Blitzkrieg - Judge Not!

11 songs
53:54 minutes
***** **
Mighty Music


Blitzkrieg might have been only a footnote of the NWOBHM (New Wave of British Heavy Metal), were it not for Metallica who in 1984 covered the B-side, simply titled Blitzkrieg, of their single from 1981. One year later Blitzkrieg released their album A Time Of Changes which received great reviews but never even once catapulted Blitzkrieg into the regions of the more popular early British metal bands like Iron Maiden or Judas Priest. From the Nineties onward, Blitzkrieg released albums once again, and you have to pay respect to their unbending perseverance. Nowadays, only vocalist Brian Ross remains as a founding members. It is also he who sang on Satan’s cult album Court In The Act, and who returned a few years back and since then recorded with them Life Sentence and Atom By Atom. I have seen Satan live a few years back, and can testify that Brian Ross is one of the most charismatic metal vocalists of all times.

But back to Blitzkrieg, and Judge Not!, their tenth album of original material, coming five years after Back From Hell. In between they released a re-recorded version of their debut album. And I can tell you straightaway, my first impression was a very positive one. The short intro Heretic is followed by the powerful Who Is Blind which shows that sometimes new musicians can rejuvenate a band. Especially drummer Matt Graham is adding some punch, although the music is also finest NWOBHM with some speed metal sensibilities. Next up is Forever Is A Long Time, another pleasant up-tempo track, although I wonder why a grown man would write lyrics about Anne Rice’s vampire novels. Reign Of Fire stands in the same tradition of finest Blitzkrieg material, before All Hell Is Breaking Loose allows for some mid-tempo respite. It’s actually a fine track, although the lyrics are very derivative, using every metal cliché you can think of. Angels Or Demons is my favourite track on the album. Once again it is a fast metal hymn, but what makes this piece stand out are Brian Ross’ incredible shrieks that most guys beyond puberty wouldn’t be able to utter anymore.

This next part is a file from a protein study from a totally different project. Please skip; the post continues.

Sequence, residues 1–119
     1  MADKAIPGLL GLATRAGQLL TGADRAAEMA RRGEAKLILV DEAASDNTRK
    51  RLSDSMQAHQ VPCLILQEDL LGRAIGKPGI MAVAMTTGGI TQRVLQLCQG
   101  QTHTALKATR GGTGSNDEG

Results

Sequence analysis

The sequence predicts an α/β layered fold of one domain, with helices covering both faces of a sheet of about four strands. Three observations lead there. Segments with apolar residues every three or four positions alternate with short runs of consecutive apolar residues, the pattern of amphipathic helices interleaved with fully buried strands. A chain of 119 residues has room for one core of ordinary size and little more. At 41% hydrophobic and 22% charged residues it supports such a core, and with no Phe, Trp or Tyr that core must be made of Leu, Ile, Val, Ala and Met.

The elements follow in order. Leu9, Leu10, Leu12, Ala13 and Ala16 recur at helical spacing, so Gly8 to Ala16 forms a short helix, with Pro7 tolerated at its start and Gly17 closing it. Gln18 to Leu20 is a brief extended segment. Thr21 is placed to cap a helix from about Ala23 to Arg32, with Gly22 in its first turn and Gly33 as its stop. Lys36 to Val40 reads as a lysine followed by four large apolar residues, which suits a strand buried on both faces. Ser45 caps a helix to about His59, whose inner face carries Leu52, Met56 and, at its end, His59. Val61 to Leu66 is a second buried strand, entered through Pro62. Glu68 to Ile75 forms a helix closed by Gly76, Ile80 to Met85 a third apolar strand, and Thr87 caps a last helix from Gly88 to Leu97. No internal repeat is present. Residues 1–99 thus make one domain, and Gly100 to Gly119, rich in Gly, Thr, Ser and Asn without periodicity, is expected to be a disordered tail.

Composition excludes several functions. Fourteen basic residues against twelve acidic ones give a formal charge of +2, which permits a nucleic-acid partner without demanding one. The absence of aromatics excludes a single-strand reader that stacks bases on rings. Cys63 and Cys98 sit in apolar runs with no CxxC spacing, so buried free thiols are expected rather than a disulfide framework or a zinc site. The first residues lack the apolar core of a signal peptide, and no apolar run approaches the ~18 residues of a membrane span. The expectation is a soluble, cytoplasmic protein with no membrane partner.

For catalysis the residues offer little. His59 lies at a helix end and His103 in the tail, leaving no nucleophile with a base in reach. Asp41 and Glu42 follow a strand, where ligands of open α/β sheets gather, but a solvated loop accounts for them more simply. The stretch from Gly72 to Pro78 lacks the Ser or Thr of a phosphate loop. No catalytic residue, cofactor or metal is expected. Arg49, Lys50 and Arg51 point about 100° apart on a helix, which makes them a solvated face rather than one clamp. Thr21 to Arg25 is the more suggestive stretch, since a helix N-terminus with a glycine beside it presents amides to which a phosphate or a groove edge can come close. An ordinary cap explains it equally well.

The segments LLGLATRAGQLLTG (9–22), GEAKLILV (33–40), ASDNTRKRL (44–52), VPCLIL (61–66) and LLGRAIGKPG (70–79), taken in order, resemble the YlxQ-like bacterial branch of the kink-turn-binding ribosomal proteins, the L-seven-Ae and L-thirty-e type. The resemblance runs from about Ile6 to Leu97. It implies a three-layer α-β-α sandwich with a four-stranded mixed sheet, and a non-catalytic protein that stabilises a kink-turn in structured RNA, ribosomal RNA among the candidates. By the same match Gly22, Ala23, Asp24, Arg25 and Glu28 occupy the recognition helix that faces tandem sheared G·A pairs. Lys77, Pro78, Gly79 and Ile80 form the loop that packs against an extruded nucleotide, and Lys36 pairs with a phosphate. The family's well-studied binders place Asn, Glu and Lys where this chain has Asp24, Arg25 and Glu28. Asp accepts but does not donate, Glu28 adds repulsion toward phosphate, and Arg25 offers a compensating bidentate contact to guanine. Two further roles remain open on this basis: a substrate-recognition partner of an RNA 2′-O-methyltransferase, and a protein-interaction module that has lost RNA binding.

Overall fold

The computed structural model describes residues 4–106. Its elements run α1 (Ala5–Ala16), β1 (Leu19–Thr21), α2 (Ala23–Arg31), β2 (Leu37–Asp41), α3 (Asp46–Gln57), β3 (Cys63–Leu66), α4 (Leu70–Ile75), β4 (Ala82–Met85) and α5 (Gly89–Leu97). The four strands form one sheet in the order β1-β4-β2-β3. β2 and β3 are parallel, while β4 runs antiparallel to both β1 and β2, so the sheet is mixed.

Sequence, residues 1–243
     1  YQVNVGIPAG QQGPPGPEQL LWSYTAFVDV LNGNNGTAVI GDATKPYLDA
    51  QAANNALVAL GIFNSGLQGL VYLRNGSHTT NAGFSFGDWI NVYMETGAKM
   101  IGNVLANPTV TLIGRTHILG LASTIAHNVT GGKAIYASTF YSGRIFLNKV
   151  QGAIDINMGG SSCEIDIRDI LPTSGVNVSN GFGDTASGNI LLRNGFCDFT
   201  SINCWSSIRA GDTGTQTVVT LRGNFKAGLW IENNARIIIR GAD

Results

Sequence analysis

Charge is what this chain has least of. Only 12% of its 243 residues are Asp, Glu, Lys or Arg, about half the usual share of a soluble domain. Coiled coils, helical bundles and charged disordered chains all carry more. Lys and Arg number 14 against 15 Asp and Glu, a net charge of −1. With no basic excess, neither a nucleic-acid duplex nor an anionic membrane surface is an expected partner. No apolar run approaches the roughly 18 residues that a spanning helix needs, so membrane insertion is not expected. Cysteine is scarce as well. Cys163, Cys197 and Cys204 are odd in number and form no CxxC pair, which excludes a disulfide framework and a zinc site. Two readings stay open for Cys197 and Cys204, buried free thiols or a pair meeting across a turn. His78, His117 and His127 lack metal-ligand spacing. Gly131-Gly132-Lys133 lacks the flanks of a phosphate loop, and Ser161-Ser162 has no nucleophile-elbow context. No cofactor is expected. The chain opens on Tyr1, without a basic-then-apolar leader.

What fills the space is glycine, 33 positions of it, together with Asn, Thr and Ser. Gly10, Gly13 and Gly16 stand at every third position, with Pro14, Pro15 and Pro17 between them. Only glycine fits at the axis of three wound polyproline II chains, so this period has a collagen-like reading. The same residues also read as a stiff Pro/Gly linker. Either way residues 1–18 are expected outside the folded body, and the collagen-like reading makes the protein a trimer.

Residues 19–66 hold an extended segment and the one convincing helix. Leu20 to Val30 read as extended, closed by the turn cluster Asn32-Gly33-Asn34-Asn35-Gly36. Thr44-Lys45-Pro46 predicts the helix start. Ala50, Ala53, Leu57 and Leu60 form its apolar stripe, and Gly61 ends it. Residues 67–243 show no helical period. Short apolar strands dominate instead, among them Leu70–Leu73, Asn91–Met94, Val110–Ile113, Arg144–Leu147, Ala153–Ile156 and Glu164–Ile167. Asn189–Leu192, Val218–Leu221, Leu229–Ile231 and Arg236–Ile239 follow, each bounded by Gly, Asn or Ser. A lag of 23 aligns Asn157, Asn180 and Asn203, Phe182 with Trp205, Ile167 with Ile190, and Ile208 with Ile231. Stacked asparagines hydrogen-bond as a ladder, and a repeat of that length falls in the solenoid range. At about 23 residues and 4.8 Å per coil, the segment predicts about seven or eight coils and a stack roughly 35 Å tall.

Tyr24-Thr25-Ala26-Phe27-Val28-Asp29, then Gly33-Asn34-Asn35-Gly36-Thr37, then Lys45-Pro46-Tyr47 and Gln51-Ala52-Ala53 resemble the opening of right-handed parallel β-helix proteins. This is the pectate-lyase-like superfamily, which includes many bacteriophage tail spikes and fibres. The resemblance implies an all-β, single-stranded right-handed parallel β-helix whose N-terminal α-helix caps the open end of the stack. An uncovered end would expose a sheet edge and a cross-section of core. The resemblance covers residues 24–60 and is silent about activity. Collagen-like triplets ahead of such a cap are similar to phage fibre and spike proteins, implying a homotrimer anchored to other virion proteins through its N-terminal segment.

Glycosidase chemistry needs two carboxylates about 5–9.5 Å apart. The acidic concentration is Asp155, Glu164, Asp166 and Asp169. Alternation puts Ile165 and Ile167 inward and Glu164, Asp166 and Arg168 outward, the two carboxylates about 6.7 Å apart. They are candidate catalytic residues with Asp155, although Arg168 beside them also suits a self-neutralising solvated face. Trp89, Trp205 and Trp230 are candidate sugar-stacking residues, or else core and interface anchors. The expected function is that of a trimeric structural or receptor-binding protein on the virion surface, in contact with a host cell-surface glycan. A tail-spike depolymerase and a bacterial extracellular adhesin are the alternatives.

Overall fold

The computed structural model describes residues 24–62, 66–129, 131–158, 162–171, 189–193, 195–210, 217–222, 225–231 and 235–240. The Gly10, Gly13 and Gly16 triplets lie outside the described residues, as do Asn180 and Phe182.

So the first half of the album is really quite excellent. But then comes the big sobering up with the second half, starting with Loud And Proud, which can only be a metal satire. Every lyrics line is taken from a metal or rock classic. And while something like this can be funny (remember Bad News or Spinal Tap), Blitzkrieg bloat this to nearly six minutes, all played as some kind of Eighties hair metal song that makes you happy when it is finally over. But the following Without You is even worse. Vocal duties are taken over by guitarist Alan Ross, who is the son of vocalist Brian Ross. The music is once again Eighties hard rock of the most polished kind, and the lyrics deal with breaking up with girlfriends. So Alan has not been lucky with the ladies, but does that mean that he has to write a text which once again is dripping with cliché... worse than the cheesiest German Schlager ballad. Also his vocals remind a lot of the Scorpions’ Klaus Meine, which is not bad in itself but doesn’t fit well with Blitzkrieg. Wide-Legged And Headless is another fast track, not too bad, but lyrics like "dead girls don’t say no" are rather tasteless in these times where sexism is finally started to be getting taken seriously. Falling Into Darkness is another song inspired by literature, this time Oscar Wilde’s "The Picture of Dorian Gray", and even those unfamiliar with the novel will get it after the repeated chorus "look at me: I’m Dorian Gray". Also this mid-tempo song doesn’t offer much in suspense and is just too long at its seven and a half minutes. The album ends with the quasi title track Judge Not Lest You Yourself Be Judged, which is totally ripping of the melody of Metallica’s Master Of Puppets. It’s probably meant as a nod to the thrash giants for giving them the exposure they would never have gotten otherwise, but a simple cover version would have proven more respectful.

I rarely come across albums that are so day and night like Blitzkrieg’s Judge Not!. The first half is really excellent and full of spirit and ideas, but then the ship is floundering and eventually sinking on the second half. These guys can do so much better, as they have shown on the first few tracks. How come that the second act is so weak will probably forever remain a mystery.

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